“Although marijuana use is legal in some states, a federal ban restricts newspapers from mailing papers with pot advertisements through the U.S. Postal Service. Should this law be changed?”
Beresford is a journalism major and French minor. He currently works at Indiana Public Radio as a student reporter. Additionally, he writes for Ball State’s student-run magazine, Ball Bearings, and its newspaper, the Ball State Daily News.
All arguments for or against marijuana legalization aside, yes, the law should be changed.
A growing number of Americans support marijuana legalization, and several states have already legalized recreational use. Using an outdated federal regulation to restrict the news media is simply an unproductive move for the U.S. Postal Service. If the end goal is to control the ways people obtain and use marijuana, this is the wrong way to do it.
The release from the U.S. Postal Service says it cooperates with all other agencies in preserving the laws of the United States, which is the sole reason to restrict the advertisements. It’s not even a definitive action against legal pot, more like a side effect in the larger scheme.
Further, news outlets are shifting from the traditional print model to a primarily online and mobile approach, so restricting marijuana advertisements for papers that rely on the U.S. Postal Service could unfairly target small rural weeklies and hurt their efforts to maintain already declining ad revenue.
This conflict between state and federal law is yet another legal gray area like the ones we’ve seen popping up since marijuana legalization came to the table. I understand, federal law is federal law, but there are no positive outcomes on either side of the equation.
Enforcement is another issue. In the event that a newspaper did run an advertisement and used the U.S. Postal service to mail the paper, the process of enforcing the ban or applying a penalty would be a waste of resources. And it’s not as if the newspapers are taking a partisan stance in favor of legalization; publications that run ads for liquor stores and other “vice” goods and services don’t necessarily endorse them.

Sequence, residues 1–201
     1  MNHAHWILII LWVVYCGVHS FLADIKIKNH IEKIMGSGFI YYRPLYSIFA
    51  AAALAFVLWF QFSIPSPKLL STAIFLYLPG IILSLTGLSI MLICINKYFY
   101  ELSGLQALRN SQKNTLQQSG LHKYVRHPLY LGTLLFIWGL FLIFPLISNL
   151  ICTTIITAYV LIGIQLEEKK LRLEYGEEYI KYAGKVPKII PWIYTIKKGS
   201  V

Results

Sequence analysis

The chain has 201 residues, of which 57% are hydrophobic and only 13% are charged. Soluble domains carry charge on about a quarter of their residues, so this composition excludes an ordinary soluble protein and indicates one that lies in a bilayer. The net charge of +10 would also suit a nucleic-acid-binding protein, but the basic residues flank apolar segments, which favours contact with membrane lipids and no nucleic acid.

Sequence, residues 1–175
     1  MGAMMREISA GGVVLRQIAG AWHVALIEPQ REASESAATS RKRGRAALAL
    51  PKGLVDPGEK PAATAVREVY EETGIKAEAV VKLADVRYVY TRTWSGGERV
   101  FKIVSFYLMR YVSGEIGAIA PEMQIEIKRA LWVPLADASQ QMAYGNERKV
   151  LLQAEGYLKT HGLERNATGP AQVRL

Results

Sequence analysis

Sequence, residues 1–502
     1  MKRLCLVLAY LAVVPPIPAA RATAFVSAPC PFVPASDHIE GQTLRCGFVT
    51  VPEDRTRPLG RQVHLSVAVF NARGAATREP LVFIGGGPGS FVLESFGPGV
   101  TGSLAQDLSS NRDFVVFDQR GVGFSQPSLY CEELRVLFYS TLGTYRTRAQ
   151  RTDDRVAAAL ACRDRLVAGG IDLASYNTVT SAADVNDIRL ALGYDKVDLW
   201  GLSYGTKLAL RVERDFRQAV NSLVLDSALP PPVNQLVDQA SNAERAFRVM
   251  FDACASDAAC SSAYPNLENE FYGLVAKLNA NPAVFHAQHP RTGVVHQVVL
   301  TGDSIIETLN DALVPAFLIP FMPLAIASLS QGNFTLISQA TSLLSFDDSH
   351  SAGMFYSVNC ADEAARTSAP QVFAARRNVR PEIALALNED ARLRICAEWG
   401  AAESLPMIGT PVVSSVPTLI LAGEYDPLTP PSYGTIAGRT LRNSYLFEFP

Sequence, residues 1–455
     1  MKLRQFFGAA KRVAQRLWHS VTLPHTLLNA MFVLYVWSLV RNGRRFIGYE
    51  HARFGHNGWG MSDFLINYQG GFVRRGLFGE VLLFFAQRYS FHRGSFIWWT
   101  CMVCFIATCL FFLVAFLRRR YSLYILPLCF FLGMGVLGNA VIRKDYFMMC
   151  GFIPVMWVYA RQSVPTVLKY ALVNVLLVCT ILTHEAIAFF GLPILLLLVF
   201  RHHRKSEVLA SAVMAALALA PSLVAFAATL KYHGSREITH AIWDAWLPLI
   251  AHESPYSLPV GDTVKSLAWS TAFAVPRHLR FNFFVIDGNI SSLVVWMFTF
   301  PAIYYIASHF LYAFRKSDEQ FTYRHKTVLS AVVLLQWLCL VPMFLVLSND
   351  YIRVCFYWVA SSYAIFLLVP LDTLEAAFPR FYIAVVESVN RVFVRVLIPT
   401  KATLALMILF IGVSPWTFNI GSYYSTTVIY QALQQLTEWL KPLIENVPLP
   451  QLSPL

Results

One former long-time editor and publisher I consulted said she would run the ads anyway because consequences were unlikely. “What are they going to do?” she asked. “How are they even going to enforce this?”
More than anything, this approach seems like a heavy-handed attempt by the federal government to enforce its own policy. More than that, it is policy that’s on its way out the door.
Brancaccio has served as editor since 2000 and has also worked in editing positions in Fort Myers, Fla. Binghamton, N.Y. and Santa Monica, Calif.
There’s a general rule of thumb I go by whenever the government gets involved in anything: Stuff gets murky.
Such is the case with the U.S. Postal Services “ban” on pot advertisements. There was a lot of fret and worry right after the announcement. But in the end, it amounted to virtually nothing.
Quick review. Soon after a few states legalized the sale of marijuana, news stories began popping up that those states would be in direct conflict with federal law banning those sales (if state law and federal law conflicts, federal law wins.) But the U.S. Department of Justice quickly defused the conflict by saying it would allow states to create a process that would regulate the sale of marijuana for adults. But then the U.S. Postal Service got involved and said newspapers could have a problem if they accepted marijuana ads and those newspapers used the Postal Service to mail them.
The first problem for the federal government is the appearance of one agency agreeing to look the other way and another agency saying, “Not so fast, my friend.” This inevitably happens when a government becomes slightly larger than Saturn.
But what’s the real reason why this isn’t a player for newspapers? It really only applies to ads that solicit the mailing of drugs that are illegal under federal law. And in Washington all sales have to occur in person and at a licensed store within the state. So all ads you see in our state essentially say “Come on by the store and pick up some weed.”
Frankly the real issue, for me, has little to do with the legality of placing a marijuana ad. The real issue is should a newspaper morally accept a marijuana ad. Old timers will remember the debate about whether newspapers should accept cigarette ads. Cigarettes certainly are legal, but was it ever in society’s best interest to have us smoking? And should newspapers have contributed to that health hazard by accepting cigarette ads? Will marijuana ever fall into that category? Since that wasn’t the question, I’ll leave those answers to someone else.